Learned Fears

Fear learning allows organisms to channel their behavioral resources so they can evaluate potential threats and seek safety effectively. While the FEAR system has various intrinsic sensitivities (e.g., being aroused by painful and predatory stimuli), it also has the ability to become fearfully responsive to new inputs that inform the organisms about environmental events that may predict dangers. Organisms are prepared to make fearful associations to certain stimuli but not others (Ohman and Mineka, 2001). Autonomic fear responses classically condition more rapidly when electric shock is paired with angry faces than when paired with smiling ones (Ohman et al., 1989). Thus, it seems likely that the neural systems that decode angry emotional expressions have evolution-arily privileged and/or environmentally "sensitized" inputs to FEAR circuitry (Adolphs et al., 1994).

There is bound to be enormous variety in such sensory-perceptual channels to the FEAR system among different species. While humans are prepared to develop fears to dark and high places, approaching mean-faced strangers, as well as spiders and snakes, rats are more prone to fear well-illuminated, open spaces, the smell of cats, and other predators. But neutral stimuli, as well as fantasies in humans, may also probably come to conditionally access the FEAR system. During the past decade, several investigators have unraveled how environmental conditioning proceeds in the amygdala as a function of specific learning mechanisms.

Neutral lights and tones paired with painful shock can access the headwater of FEAR circuitry fairly directly through low-road thalamic sensory analyzers as well as the more complex high-road perceptual analyzers of the neocortex. With regard to the low road, there are direct anatomical connections from the medial geniculate of the thalamus to the central nucleus of amygdala, and with regard to the high road less direct neocortical ones (Davis et al., 1995; LeDoux et al., 1990). If one combines both affective and cognitive measures in an animal fear-learning paradigm, one can demonstrate that manipulations that reduce the unconditional emotional indicators (e.g., freezing) can be dissociated from the cognitive choices animals make to avoid fear stimuli (Killcross et al., 1997; Nader and LeDoux, 1997). This issue is especially important at a human level, where one can obviously have a cognitive appreciation of what is dangerous without feeling much trepidation, and vice versa.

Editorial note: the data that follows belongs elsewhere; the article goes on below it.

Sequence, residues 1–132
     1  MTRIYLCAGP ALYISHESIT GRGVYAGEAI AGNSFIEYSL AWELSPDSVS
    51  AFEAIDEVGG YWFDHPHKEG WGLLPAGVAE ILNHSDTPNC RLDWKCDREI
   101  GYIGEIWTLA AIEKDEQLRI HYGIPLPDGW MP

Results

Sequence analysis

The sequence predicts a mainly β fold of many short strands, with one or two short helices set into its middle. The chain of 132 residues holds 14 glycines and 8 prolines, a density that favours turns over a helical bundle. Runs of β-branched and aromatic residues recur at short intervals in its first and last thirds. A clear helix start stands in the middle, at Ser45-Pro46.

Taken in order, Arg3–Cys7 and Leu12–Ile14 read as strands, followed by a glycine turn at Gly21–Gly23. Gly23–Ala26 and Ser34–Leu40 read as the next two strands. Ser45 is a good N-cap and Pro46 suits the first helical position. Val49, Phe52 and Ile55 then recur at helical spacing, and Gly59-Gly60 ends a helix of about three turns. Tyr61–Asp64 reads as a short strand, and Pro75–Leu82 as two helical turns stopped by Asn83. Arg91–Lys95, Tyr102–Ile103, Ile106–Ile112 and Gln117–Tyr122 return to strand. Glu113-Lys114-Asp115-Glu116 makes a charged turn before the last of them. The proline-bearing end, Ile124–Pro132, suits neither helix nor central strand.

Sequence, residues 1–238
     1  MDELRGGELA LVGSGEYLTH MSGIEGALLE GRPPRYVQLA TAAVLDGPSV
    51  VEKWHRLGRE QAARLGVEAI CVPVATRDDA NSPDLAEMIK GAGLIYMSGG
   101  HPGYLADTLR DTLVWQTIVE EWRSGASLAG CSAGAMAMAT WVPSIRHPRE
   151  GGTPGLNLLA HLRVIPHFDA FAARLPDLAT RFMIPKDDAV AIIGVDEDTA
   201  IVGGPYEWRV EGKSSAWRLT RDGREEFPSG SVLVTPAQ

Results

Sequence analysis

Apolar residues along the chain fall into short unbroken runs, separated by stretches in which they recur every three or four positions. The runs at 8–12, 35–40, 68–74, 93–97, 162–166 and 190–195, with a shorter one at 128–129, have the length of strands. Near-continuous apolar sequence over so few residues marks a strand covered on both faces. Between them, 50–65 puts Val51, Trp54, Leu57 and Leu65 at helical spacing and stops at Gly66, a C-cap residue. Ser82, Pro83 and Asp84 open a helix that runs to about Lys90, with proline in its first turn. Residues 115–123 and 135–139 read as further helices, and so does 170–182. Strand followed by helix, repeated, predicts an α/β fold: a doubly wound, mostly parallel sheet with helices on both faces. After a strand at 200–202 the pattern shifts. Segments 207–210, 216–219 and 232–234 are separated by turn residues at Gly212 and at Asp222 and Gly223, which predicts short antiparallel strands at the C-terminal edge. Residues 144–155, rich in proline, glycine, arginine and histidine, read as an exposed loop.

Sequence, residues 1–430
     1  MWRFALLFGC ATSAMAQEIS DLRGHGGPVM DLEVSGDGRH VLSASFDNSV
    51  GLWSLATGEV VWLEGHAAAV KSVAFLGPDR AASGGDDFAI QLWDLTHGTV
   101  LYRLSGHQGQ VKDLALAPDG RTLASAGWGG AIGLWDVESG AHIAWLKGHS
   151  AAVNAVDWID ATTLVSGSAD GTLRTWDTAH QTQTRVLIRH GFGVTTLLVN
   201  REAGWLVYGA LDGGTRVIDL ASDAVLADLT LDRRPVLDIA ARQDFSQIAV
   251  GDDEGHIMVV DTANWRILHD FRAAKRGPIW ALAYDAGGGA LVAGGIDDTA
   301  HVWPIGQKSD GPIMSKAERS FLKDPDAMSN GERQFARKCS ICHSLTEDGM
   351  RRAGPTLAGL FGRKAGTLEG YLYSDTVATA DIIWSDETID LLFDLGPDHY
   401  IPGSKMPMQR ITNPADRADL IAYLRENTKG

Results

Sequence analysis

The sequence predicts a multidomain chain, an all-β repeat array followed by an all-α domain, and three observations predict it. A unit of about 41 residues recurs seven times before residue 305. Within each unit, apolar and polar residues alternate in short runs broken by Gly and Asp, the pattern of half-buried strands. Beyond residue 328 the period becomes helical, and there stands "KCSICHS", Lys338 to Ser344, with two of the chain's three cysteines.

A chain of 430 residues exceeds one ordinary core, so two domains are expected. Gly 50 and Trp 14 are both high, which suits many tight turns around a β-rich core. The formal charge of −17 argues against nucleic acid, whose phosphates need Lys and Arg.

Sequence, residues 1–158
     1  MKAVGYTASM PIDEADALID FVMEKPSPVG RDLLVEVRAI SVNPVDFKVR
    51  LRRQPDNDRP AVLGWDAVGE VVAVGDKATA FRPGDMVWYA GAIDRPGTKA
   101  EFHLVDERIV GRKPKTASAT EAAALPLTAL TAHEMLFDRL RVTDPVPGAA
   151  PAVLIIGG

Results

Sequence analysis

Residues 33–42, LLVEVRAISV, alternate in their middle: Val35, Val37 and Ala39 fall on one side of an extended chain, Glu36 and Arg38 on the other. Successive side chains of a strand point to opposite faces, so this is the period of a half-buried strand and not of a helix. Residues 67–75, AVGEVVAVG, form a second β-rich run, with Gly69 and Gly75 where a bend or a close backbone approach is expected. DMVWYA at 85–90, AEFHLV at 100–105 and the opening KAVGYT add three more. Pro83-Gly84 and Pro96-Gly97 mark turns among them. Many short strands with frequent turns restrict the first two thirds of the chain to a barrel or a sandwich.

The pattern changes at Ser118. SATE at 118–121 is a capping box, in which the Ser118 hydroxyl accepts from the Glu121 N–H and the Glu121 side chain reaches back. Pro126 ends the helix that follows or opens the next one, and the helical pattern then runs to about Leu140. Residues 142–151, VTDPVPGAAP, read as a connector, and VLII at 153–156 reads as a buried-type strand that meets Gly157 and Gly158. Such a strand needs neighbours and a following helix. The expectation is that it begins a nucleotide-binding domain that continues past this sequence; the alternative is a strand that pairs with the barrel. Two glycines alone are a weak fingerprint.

The intraamygdaloid synaptic mechanisms by which fear learning transpires is being detailed (LeDoux, 2000). Fear associations are heavily influenced by gluta-matergic synapses (Schafe et al., 2001) as well as 6-adrenergic ones concentrated in the amygdala (Cahill et al., 1994). However, the FEAR system has multiple perceptual inputs. For instance, while the amygdalae primarily harvest information from discreet environmental cues, more complex spatial information is linked to contextual fear conditioning via the hippocampus (Fanselow et al., 1994; Phillips and Le Doux, 1992). Also, it remains likely that some conditioning can be elaborated at hypothala-mic and mesencephalic levels of the FEAR circuit, but that work is in the preliminary stages (e.g., De Oca et al., 1998).

As investigators work out the details of the associative mechanisms, new ideas should emerge about how one might de-condition learned fears with the assistance of neurochemical interventions (Muller et al., 1997). For instance, the consolidation of fearful memories is controlled by a glutamate-dependent synaptic facilitation process, as are all memories (Schafe et al., 2001). Thus, it comes as no surprise that the extinction of conditioned fears, which is an active learning process, is also mediated by the same chemistries (Falls et al., 1992). This suggests that existing fears will need to be de-conditioned by an active form of new learning mediated by the same synaptic chemistries (glutamate) as the original learning, making global neurochemical interventions in glutamatergic systems unlikely interventions for helping erase fearful memories. Many of the neuropeptides discussed above are concentrated in these circuits, but little is presently known about how they participate in the elaboration of learning. The possibility that other manipulations of these associative networks, for instance, by the menagerie of anxiolytic neuropeptides such as opioids and neu-ropeptide Y (Chapter 21), might be able to specifically facilitate the diminution of fearful, but not other types of memories, continues to intrigue scientists who study fear learning.

Getting to Know Anxiety

Getting to Know Anxiety

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